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  • Xiaoli Zhou
    Syracuse University
  • Zunli Lu
    Syracuse University
  • Rosalind E.M. Rickaby
    University of Oxford
  • Eugene W. Domack
    University of South Florida
  • Julia S. Wellner
    University of Houston
  • Hilary Kennedy
Glendonites are pseudomorphs of the mineral ikaite (CaCO3·6H2O) after loss of hydration water and occur in distinctive
euhedral crystalline forms, sometimes clustered as rosettes of up to tens of centimeters in diameter. While it
is generally accepted that organic-rich environments, methane seeps, and high phosphate levels are important for
ikaite formation, glendonite occurrences in ancient sedimentary sequences are widely considered to reflect nearfreezing
temperatures, even at high latitudes during periods of greenhouse climates. To fully understand the paleoenvironmental
significance of glendonites, a comprehensive examination of the modern ikaite setting is necessary.
Temperature is the most important parameter that has been quantitatively constrained for the presence of ikaite. Low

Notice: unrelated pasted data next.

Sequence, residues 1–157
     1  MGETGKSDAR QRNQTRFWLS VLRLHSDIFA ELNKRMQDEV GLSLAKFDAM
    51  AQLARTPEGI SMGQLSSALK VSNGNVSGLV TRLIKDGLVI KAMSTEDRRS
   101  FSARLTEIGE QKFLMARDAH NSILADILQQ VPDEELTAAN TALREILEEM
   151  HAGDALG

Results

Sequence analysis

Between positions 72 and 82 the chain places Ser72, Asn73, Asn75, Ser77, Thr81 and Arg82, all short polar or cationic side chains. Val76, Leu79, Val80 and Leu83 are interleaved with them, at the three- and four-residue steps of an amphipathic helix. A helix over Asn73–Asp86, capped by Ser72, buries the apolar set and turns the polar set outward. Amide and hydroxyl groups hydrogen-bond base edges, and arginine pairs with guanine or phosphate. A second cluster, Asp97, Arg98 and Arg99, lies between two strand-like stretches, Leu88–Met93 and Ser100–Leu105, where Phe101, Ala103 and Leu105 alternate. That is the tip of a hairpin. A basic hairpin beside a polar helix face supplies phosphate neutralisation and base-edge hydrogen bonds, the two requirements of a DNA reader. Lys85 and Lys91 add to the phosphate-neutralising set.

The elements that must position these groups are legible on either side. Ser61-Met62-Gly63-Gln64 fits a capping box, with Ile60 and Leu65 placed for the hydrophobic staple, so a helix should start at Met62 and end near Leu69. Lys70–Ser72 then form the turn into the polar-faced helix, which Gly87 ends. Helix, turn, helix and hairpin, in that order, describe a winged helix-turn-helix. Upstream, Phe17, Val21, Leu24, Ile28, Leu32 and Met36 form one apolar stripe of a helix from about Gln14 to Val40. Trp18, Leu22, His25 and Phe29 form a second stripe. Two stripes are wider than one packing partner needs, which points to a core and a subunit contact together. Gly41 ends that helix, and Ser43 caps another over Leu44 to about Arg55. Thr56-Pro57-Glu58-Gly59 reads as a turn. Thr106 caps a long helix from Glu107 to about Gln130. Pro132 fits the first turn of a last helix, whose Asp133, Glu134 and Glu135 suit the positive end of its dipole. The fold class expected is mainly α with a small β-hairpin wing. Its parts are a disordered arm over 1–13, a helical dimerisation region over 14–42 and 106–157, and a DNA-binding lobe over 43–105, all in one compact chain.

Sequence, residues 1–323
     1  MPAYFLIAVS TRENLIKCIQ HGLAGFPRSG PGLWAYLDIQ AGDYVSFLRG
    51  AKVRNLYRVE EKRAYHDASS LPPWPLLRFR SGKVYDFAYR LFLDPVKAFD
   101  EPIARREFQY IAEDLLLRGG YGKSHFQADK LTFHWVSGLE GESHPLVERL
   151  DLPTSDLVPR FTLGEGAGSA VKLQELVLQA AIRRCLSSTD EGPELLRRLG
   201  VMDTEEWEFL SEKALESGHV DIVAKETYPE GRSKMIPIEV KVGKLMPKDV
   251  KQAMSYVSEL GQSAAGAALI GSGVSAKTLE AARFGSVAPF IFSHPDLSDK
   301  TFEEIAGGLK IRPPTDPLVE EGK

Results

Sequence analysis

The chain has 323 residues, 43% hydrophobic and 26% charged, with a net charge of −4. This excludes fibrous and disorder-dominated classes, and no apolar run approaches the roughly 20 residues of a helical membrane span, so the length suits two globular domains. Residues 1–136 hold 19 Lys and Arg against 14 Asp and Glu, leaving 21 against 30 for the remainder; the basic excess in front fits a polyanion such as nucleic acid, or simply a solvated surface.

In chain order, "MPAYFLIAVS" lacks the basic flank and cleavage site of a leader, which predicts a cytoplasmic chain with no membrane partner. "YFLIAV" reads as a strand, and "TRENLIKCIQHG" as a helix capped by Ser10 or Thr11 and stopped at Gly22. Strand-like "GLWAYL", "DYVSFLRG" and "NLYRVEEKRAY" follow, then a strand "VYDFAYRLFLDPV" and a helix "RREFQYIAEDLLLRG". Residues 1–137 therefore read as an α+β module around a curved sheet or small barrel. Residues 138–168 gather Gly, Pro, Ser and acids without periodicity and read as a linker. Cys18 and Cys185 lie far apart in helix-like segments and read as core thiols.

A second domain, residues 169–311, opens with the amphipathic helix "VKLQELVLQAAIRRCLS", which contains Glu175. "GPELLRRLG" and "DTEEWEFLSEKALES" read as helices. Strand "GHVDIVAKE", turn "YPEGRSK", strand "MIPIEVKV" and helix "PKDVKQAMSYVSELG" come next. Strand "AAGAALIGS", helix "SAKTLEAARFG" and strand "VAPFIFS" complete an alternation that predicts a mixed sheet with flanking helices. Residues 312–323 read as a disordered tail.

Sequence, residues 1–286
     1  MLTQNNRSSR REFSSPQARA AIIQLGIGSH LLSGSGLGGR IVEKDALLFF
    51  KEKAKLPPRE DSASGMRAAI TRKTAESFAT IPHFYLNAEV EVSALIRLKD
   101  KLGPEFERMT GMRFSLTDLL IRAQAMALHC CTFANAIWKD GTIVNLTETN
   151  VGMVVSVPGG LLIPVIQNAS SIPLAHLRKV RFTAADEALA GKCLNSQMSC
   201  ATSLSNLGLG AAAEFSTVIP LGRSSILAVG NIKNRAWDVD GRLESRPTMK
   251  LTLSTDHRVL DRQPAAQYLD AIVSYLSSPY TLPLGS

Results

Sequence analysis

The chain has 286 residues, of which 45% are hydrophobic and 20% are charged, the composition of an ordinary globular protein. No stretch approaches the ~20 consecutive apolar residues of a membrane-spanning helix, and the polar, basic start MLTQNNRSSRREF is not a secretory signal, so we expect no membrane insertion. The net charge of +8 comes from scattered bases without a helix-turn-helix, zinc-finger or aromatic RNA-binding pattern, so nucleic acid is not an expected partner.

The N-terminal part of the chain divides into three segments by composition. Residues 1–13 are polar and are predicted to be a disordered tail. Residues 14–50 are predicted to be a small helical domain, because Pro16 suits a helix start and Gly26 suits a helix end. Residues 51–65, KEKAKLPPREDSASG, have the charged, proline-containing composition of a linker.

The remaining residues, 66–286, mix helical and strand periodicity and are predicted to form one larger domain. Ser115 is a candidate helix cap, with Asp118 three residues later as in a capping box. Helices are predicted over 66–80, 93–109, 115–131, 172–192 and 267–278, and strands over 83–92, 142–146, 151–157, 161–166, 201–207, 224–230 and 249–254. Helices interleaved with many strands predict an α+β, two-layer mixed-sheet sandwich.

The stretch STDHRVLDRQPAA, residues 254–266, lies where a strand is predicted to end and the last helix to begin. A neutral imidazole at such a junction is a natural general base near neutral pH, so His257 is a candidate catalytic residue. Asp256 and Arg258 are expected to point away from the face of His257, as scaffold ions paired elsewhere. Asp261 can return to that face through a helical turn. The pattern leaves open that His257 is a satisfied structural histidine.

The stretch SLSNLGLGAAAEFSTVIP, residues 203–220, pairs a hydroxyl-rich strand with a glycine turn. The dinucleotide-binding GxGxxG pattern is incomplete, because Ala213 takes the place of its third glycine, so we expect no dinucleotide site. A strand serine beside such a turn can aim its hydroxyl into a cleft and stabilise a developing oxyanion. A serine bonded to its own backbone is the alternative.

bottom-water temperature, while a required condition for formation of the mineral, is not adequate for its growth;
other controls are necessary to explain the absence of ikaite in many cold environments. In this study, we discuss the
control of carbonate chemistry on ikaite formation. Our compilation of geochemical data from sediment cores with
well-preserved ikaite provide further evidence for the importance of phosphate. A phosphate concentration above
∼400 mM in shallow and cold porewater may be the requisite parameter for extensive ikaite precipitation. Thus,
abundant glendonites in ancient successions mark past periods and regions of elevated porewater phosphorus concentrations,
which may also be related to high surface productivity and/or iron fertilization
Original languageEnglish
Pages (from-to)269-281
JournalJournal of Geology
Issue number3
Publication statusPublished - May 2015

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